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April 14, 2020
Eyeball Bear
Eyeball Bear, sewn from a pattern drawn by my 4-year-old son in 1983

I like bears, in theory at least. I have had countless teddy bears, including a peppermint pink bear named Sally that I received for my birthday one year.  I liked Sally so much, fact, that I, who never tidied my room except under duress, cleaned and rearranged the shelves just to make a spot for her.

In addition to my love affair with Sally and her compatriots, I enjoyed visiting bears at the zoo. I looked forward to visiting the black bears, brown bears, spectacled bears and the zoo’s lone grizzly bear. The bears sat around looking cute – even the grizzly, whose enclosure label described it as one of the most vicious bears of all. My favorite bears, however, were the polar bears. Unlike their cousins, they did more than sit morosely in their pens. Not only were they cute, polar bears played. They played with toys and with each other. They played in the water and seemed almost human in their childlike glee.

My unconditional affection for bears was challenged during a visit to the Smoky Mountains. I was delighted to see whole families of black bears browsing along the roadside, looking as cute as the teddy bears on my shelf back home. In addition to the bears, however, there were also ominous signs posted at intervals along the roadway cautioning visitors to keep away from the bears.  Danger! they warned, Bears are wild animals. Do not approach the bears. I was more than a little unnerved by one such sign: it was splintered and scraped with huge claw marks. It looked like a ruined scratching post. Bears were becoming a little less cute in my mind.

On the same trip, I made friends with some kids at the resort where we were staying. The resort offered a movie night, and we gathered to see the current film: Night of the Grizzly. I remember nothing about the film except being terrified. The terror was made worse on the way back to our cabins when the boys jumped, growling out of the bushes at us girls and made us scream.

I forgot about bears until years later, when my husband and I decided to take up backpacking. We read up on all the skills needed to have a safe and enjoyable trip.  One thing common to every book and magazine article was an extensive discussion about bears. A bear is not your friend, I read. I should avoid them at all costs. The books taught me how to keep bears away by carrying pepper spray, wearing bells, and singing while I walked. I studied it all, but all I could think about was Night of the Grizzly. I was a wreck even before we hit the trail.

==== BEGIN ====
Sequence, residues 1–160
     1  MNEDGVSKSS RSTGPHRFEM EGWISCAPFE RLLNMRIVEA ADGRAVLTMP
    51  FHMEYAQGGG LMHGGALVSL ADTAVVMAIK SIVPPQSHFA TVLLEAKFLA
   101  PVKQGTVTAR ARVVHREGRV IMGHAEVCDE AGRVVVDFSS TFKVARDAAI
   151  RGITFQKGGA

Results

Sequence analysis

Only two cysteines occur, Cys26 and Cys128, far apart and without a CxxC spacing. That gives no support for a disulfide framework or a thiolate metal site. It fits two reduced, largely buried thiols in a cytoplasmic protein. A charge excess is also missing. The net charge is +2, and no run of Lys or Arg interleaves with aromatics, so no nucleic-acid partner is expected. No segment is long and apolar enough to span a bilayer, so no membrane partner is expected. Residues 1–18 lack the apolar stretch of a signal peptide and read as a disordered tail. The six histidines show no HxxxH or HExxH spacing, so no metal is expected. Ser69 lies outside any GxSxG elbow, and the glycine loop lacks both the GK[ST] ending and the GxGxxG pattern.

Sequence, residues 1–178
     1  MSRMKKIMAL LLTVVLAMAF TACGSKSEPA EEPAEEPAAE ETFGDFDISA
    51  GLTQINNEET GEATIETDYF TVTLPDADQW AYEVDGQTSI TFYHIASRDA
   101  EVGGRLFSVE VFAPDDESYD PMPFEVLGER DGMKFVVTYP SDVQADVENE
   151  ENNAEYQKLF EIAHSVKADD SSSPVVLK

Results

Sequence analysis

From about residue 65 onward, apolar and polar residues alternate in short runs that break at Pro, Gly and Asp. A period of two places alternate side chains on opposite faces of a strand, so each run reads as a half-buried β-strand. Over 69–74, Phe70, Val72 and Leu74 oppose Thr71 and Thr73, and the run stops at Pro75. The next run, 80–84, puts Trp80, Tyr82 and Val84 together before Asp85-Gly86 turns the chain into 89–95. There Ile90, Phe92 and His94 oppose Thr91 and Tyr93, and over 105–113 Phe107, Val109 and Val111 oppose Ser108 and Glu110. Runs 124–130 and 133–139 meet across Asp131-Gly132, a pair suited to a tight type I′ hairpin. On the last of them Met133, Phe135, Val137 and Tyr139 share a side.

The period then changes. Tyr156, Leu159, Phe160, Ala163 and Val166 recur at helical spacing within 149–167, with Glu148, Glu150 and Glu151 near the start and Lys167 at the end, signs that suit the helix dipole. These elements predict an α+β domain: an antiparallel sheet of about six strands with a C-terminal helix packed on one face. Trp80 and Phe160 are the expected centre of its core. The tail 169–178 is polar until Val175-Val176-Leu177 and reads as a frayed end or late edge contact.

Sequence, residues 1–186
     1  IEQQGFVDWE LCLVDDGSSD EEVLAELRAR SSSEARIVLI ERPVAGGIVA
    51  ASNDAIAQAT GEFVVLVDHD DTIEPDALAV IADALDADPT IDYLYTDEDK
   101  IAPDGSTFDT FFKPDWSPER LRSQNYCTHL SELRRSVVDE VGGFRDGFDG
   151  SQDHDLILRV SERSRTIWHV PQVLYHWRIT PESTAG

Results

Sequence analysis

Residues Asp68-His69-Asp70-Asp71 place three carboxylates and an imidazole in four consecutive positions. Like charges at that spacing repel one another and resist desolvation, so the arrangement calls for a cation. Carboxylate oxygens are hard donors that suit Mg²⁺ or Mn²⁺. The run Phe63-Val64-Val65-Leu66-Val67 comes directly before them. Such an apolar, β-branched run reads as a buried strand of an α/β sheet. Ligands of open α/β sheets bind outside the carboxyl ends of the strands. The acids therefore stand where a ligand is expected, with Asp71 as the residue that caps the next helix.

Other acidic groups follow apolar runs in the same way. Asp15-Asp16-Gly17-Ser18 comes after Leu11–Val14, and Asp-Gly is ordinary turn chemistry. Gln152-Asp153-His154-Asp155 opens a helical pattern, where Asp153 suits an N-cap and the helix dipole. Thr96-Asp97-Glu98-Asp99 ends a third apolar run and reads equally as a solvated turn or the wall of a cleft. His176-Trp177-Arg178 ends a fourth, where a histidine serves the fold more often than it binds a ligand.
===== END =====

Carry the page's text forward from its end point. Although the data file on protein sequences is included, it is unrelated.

On our first trip out, I heard a bear snuffling in the undergrowth near the trail. Or at least I’m pretty sure it was a bear. I didn’t wait around to find out. John says he’d never seen me move as fast as I did that day –running back the way we’d come, with my forty-pound backpack bouncing up and down, while I desperately sang Ninety Nine Bottles of Beer on the Wall as loudly as I could until I reached the safety of our campsite. It wasn’t until preparing for our next backpacking trip that it dawned on me that a campsite isn’t particularly safe.

So, I hit the books again, and I learned about hanging your food bags off the ground on a rope tied high between two trees (there was never any advice on how to climb the trees to get the rope high enough). I learned never to eat a candy bar in the tent. And I learned once again about singing and bells and pepper spray. The articles I read were also fond of bear-backpacker jokes. One advised that you don’t have to outrun the bear, you just need to outrun your hiking buddy. Another was about avoiding a bear encounter by being alert to the different kinds of bear scat. It ended with the punch line, “Black bear droppings are smaller and often contain berries, leaves, and possibly bits of fur. Grizzly bear droppings tend to contain bells and smell like pepper.”  I laughed at that one, but to me, it was no joke. It reminded me that I really might encounter a bear, and it really might eat me.

On our first major backpacking trip, two weeks in the Colorado Rockies, we discovered that I could no longer sleep while camping. Four nights into the hike through bear country, I had not yet slept, and I was becoming even more irrational about bears than usual. Bears would claw through the tent in the night and eat me, I reasoned, and I should be awake for the occasion so that I could jingle my bells and squirt my pepper spray. Clearly, I had lost it. So, ten days early, I staggered out, covering ground twice as fast as I had when we hiked in, John gamely keeping up the rear. We spent the rest of that vacation visiting tourist sites from the safety of our car. We don’t have many photographs of our hiking trip, but I do have a postcard of Pike’s Peak.

John continued backpacking with my blessing, so long as I didn’t have to accompany him into the wilderness. I remained happily at home, playing with my son and his teddy bears. In all the many years he backpacked, John only once encountered a bear. But that’s a story for another day.






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